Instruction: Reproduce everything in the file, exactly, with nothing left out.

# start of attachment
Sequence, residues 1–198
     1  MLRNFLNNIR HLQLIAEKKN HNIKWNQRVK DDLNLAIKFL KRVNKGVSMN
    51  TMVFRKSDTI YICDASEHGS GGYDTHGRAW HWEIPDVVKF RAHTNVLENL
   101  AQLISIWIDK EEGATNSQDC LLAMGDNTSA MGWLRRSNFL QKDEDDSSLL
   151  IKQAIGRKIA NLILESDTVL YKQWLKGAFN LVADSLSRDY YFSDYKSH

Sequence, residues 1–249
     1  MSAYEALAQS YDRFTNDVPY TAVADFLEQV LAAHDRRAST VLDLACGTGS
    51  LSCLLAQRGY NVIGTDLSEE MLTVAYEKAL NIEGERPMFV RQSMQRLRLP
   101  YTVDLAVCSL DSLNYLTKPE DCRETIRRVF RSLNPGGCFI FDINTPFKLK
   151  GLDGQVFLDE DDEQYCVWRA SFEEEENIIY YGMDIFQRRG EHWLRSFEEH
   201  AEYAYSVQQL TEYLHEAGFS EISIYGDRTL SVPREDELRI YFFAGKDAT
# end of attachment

Sequence, residues 1–198
     1  MLRNFLNNIR HLQLIAEKKN HNIKWNQRVK DDLNLAIKFL KRVNKGVSMN
    51  TMVFRKSDTI YICDASEHGS GGYDTHGRAW HWEIPDVVKF RAHTNVLENL
   101  AQLISIWIDK EEGATNSQDC LLAMGDNTSA MGWLRRSNFL QKDEDDSSLL
   151  IKQAIGRKIA NLILESDTVL YKQWLKGAFN LVADSLSRDY YFSDYKSH

Sequence, residues 1–249
     1  MSAYEALAQS YDRFTNDVPY TAVADFLEQV LAAHDRRAST VLDLACGTGS
    51  LSCLLAQRGY NVIGTDLSEE MLTVAYEKAL NIEGERPMFV RQSMQRLRLP
   101  YTVDLAVCSL DSLNYLTKPE DCRETIRRVF RSLNPGGCFI FDINTPFKLK
   151  GLDGQVFLDE DDEQYCVWRA SFEEEENIIY YGMDIFQRRG EHWLRSFEEH
   201  AEYAYSVQQL TEYLHEAGFS EISIYGDRTL SVPREDELRI YFFAGKDAT